The yeast species used in this study (Table 1), by no means exhaustive, include a broader range of yeast than those normally investigated for wine production (Jolly et al., 2014) and contain some yeasts that have received less attention than the commercial non-Saccharomyces wine yeasts such as Torulaspora delbrueckii, Metschnikowia pulcherrima and Lachancea thermotolerans. Furthermore, these yeasts have been isolated from diverse areas and substrates.

The identity of these yeasts, as listed in Table 1, was verified by sequencing the D1/D2 region amplification products (data not shown) (O'Donnell, 1993). These yeast species and strains used in the study have been reported in lower alcohol production and/or wine fermentations (Erten & Campbell, 2001; Quiros et al., 2014; Varela, personal communication, 2014; Contreras et al., 2015; Englezos et al., 2016).

Killer activity screening

S. cerevisiae strains 1 and 2 (a laboratory reference strain) and the 22 non-Saccharomyces yeast strains and species were screened for killer activity against each other in white grape juice medium. None of the non-Saccharomyces yeast strains exhibited killer activity against the commercial wine yeast S. cerevisiae strain 1, except for C. saturnus strain 17. S. cerevisiae strain 1 was antagonistic towards Cyberlindnera jadinii strain 21, clearly exhibiting its killer positive trait as reported by the yeast producer. The genetic origin of the killer toxin secreted by strain 1 is not disclosed by the producer as either K1, K2, K28 or Klus. S. cerevisiae strains with the Klus genetic origin are antagonistic towards S. cerevisiae and non-Saccharomyces yeasts, as reported by Rodriguez-Cousino et al. (2011). However, S. cerevisiae strain 1, as a commercial yeast, is routinely used in winemaking with no reported adverse effects on fermentation. Non-Saccharomyces yeasts are reported to secrete proteinaceous antimicrobial compounds, termed killer toxins, against other yeast species within the same environment (Philliskirk & Young, 1975; Heard & Fleet, 1987; Palpacelli et al., 1991; van Vuuren & Jacobs, 1992; Lowes et al., 2000; Mehlomakulu et al., 2014).

C. jadinii is referred to by its anamorph (Candida utilis) in literature and is used in the production of single-cell protein (Lee & Kim, 2001; Ibrahim et al., 2004). However, in view of the results from this study, mixed culture fermentations of S. cerevisiae strain 1 with C. jadinii strain 21 would need careful consideration.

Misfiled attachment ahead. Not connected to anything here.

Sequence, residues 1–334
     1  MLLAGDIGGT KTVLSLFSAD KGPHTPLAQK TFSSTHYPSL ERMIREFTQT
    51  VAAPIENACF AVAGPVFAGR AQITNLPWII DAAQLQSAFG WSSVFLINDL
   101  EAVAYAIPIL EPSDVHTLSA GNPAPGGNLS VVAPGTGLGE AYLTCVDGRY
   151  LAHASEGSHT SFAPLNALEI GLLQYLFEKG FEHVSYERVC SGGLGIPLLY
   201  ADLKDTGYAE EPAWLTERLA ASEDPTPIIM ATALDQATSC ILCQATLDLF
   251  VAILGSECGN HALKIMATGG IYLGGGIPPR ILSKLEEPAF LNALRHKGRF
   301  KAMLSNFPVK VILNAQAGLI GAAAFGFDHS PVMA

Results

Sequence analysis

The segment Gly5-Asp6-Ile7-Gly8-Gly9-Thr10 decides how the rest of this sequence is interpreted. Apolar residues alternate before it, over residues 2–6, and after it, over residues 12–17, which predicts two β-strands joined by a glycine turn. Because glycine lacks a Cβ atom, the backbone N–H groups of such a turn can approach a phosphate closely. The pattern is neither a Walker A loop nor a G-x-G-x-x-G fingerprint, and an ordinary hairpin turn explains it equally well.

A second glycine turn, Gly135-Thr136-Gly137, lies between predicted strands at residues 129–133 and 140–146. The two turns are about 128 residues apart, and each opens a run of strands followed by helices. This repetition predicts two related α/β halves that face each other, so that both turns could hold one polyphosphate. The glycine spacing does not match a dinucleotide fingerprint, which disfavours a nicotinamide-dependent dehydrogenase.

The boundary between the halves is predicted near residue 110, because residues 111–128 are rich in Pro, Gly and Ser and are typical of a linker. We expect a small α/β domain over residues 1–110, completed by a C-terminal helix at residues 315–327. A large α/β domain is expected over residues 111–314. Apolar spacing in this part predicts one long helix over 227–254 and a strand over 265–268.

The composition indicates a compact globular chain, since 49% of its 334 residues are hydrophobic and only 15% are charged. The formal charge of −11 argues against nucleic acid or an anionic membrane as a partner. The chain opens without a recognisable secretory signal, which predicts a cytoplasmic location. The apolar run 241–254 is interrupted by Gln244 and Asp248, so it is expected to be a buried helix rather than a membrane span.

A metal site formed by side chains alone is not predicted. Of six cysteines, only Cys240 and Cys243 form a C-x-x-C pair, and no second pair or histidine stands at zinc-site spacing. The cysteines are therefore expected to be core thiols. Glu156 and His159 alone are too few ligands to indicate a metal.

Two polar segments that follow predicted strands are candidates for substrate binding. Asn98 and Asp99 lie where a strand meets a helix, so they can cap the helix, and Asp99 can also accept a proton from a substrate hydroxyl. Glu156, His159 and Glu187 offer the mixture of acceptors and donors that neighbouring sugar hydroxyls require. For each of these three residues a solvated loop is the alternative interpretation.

Fermentative capability

When all the non-Saccharomyces yeasts were tested for their fermentative capability as axenic cultures under aerobic and anaerobic conditions, the strains were found to variably ferment grape must. Under aerobic conditions (Fig. 1), the Lipomyces tetrasporus strain 19 and L. starkeyi strain 20 had the highest residual sugar, i.e. 192.57 and 196.00 g/L, respectively, at the end of the 14-day fermentation. This was followed by Cyberlindnera jadinii strain 21 and Wickerhamomyces anomalus strain 11 with a residual sugar of 89.00 and 95.23 g/L at the same period, respectively although the latter had fermented 50% of the sugar by day four (data not shown) (Fig. 1). After 14 days of fermentation, yeasts had completed the fermentation (residual sugar <2 g/L). These were S. cerevisiae strain 1, Candida zemplinina strain 24, Sacchromycodes ludwigii strain 6, and C. zemplinina strains 8 and 9. In contrast, the S. ludwigii strains 3, 4, 5 and 7, S. cerevisiae strain 2, Candida stellata strain 15, Wickerhamomyces subpelliculosus strain 18 and Schizosaccharomyces pombe strain 23 had <10 g/L but >2 g/L residual sugar at day 14 (Fig. 1).

Under anaerobic conditions, all the non-Saccharomyces yeast strains performed poorly. All had high residual sugars, i.e. >105.5 g/L at day four, while S. cerevisiae strain 1 was the exception with 78.47 g/L of residual sugar (data not shown). At day 14, S. cerevisiae strains 1 and 2 had a residual sugar of 6.63 g/L and 33.83 g/L, respectively. The residual sugar concentration of S. ludwigii strains 3, 4, 5 and 7, and S. pombe strain 23 fermentations was between 69.07 g/L and 107.93 g/L. The rest of the non-Saccharomyces fermentations showed residual sugar concentration >110 g/L (Fig. 2).

Liu et al. (2013) reported that the non-Saccharomyces yeasts - C. stellata (C. zemplinina), K. apiculata (H. uvarum) and C. pulcherrima (M. pulcherrima) were slow fermenters. The aforementioned authors found that the wines had residual sugar between 24.8 g/L and 158.9 g/L, similar to what was found in this study under aerobic and anaerobic conditions (Figs. 1 and 2, respectively). However, in this study the non-Saccharomyces yeasts; C. zemplinina and S. ludwigii displayed a fermentative metabolism in aerobic conditions, which was comparable to that of S. cerevisiae. Jolly et al. (2006) grouped non-Saccharomyces yeasts found in grape must and during fermentation into mainly oxidative yeasts; apiculate yeasts with low fermentative activity and yeasts with fermentative metabolism. In this study, S. ludwigii, S. pombe, C. zemplinina and W. subpelliculosus exhibited oxidative behaviour while L. tetrasporus and L. starkeyi can be characterised as non-fermenting yeasts.